North Korea-backed hackers posed as computer security bloggers to steal information, Google says

Experts say country is working to improve its ability to perform cyber attacks

Conrad Duncan
Wednesday 27 January 2021 17:14
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<p>Google has not yet said how successful the hackers were in stealing information or what information may have been stolen</p>

Google has not yet said how successful the hackers were in stealing information or what information may have been stolen

Google has said it believes hackers backed by the North Korean government have been posing as computer security bloggers and using fake accounts on social media as part of attempts to steal information from researchers in the field.

North Korea has been linked to a number of major cyberattacks in recent years, such as a 2013 campaign which paralysed the servers of South Korean financial institutions, the hacking of Sony Pictures in 2014, and the WannaCry malware attack of 2017, but has denied involvement.

The tech company did not specify this week how successful the hackers had been or what kind of information could have been compromised.

Experts have said the country is working to improve its cyber skills and its ability to breach widely-used computer products, such as Google’s Chrome internet browser and Microsoft’s Windows 10 operating system.

In an online report published late on Monday, Adam Weidemann, a researcher from Google’s Threat Analysis Group, said that hackers supposedly backed by North Korea created a fake research blog and multiple Twitter profiles to build credibility with security researchers.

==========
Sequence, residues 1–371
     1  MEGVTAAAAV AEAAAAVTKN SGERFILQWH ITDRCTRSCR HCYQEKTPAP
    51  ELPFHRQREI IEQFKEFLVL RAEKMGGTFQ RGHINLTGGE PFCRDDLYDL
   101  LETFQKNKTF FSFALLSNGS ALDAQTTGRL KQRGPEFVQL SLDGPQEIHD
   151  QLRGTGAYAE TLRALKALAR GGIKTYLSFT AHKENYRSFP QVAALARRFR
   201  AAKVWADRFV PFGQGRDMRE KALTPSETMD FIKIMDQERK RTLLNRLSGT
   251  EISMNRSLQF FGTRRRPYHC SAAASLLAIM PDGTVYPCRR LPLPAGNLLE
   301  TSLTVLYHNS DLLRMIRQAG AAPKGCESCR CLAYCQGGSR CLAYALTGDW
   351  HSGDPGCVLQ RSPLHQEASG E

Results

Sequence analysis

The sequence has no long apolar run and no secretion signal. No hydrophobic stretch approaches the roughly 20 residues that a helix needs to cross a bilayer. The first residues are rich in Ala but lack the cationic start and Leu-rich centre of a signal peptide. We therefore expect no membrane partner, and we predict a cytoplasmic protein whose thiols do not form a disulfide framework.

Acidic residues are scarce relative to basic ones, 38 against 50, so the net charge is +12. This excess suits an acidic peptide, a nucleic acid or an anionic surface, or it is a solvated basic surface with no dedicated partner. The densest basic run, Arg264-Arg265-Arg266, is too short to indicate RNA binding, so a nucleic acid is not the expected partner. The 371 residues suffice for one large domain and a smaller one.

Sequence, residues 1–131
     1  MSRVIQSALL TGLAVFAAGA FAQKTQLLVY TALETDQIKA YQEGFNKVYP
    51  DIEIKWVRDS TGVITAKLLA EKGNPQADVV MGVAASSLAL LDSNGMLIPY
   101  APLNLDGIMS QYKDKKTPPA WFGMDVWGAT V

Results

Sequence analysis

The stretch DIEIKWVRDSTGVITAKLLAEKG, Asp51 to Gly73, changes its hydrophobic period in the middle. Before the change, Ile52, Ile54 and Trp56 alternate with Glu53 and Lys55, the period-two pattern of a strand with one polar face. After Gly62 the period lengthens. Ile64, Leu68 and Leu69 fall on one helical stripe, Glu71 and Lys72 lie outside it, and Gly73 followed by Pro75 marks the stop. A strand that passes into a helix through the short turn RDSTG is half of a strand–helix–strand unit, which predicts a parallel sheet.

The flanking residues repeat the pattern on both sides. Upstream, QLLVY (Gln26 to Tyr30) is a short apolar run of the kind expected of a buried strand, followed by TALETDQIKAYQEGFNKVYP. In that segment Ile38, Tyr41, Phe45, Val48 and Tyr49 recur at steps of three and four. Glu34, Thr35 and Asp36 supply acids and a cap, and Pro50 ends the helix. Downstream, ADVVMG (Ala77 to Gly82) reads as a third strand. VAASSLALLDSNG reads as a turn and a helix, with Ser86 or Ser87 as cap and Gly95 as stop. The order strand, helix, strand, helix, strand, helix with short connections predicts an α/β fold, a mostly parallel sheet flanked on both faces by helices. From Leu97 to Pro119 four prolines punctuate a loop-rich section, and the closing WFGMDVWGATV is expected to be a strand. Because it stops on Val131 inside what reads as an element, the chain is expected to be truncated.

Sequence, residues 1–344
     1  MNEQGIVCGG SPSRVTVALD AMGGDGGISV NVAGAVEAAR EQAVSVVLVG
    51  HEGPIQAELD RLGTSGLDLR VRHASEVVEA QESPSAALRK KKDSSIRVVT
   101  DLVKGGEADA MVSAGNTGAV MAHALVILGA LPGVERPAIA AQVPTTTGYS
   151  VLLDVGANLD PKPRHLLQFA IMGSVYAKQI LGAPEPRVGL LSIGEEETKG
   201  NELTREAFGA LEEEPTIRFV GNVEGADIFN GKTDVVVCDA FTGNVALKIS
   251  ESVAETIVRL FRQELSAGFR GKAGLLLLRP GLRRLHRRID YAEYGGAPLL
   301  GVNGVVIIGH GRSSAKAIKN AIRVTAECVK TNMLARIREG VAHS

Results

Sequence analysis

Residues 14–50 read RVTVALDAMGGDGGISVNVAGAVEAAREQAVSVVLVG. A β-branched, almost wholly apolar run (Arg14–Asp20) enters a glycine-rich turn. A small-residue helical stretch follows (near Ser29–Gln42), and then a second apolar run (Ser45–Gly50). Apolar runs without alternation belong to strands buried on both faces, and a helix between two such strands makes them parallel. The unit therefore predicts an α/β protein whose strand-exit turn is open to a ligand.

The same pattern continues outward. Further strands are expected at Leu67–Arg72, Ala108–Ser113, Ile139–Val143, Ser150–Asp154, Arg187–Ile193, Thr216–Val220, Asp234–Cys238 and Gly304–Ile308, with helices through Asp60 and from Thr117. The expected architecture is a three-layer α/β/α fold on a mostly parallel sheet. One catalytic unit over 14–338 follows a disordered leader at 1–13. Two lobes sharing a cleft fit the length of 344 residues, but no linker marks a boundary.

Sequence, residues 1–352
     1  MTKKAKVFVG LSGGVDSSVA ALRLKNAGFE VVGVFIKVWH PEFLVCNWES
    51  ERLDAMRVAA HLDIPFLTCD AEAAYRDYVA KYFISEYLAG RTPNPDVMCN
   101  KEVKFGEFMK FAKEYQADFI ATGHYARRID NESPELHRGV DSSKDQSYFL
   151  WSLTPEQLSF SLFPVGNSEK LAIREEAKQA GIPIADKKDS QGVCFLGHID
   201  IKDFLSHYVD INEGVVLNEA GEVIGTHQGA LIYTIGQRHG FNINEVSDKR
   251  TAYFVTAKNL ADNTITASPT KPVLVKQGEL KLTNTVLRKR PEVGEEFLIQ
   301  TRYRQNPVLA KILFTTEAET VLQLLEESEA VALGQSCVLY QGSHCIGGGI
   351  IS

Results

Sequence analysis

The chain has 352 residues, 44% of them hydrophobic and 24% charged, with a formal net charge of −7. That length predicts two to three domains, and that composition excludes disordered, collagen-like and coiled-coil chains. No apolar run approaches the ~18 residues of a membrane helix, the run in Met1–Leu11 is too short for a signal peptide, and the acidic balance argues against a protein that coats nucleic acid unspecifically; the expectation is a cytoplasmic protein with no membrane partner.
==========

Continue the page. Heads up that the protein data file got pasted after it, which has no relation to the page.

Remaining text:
After connecting with researchers, the hackers asked them if they wanted to collaborate on cyber-vulnerability research and share a tool that contained a code designed to install malicious software on the targets’ computers.

This then allowed the hackers to take control of the device and steal information from it.

Mr Weidemann said several targeted researchers were compromised after following a Twitter link to a blog set up by the hackers.

“At the time of these visits, the victim systems were running fully patched and up-to-date Windows 10 and Chrome browser versions,” he wrote in the report.

“At this time we're unable to confirm the mechanism of compromise, but we welcome any information others might have.”

Google also published a list of social media accounts and websites it said were controlled by the hackers, including 10 Twitter profiles and five LinkedIn profiles.

In 2019, the UN Security Council estimated that North Korea had earned as much as $2bn (£1.46bn) over several years through illicit cyber operations targeting cryptocurrency exchanges and other financial transactions.

Simon Choi, a senior analyst at NSHC, a South Korean computer security firm, said cyberattacks linked to the country in recent years had demonstrated an improving ability in identifying and exploiting vulnerabilities in computer security systems.

“It's notable that the computer security experts on Twitter who said they were approached by the hackers had been engaged in vulnerability research for Chrome and Windows 10,” Mr Choi said.

“It's not that easy to successfully penetrate these systems that are built with the latest security technologies.

“For the North Koreans, it makes more sense to steal the vulnerabilities already discovered by the researchers because developing their own ways to exploit these systems is harder”

He added that before 2016, North Korean hackers had mainly relied on methods used by hackers in China or Russia.

Additional reporting by AP

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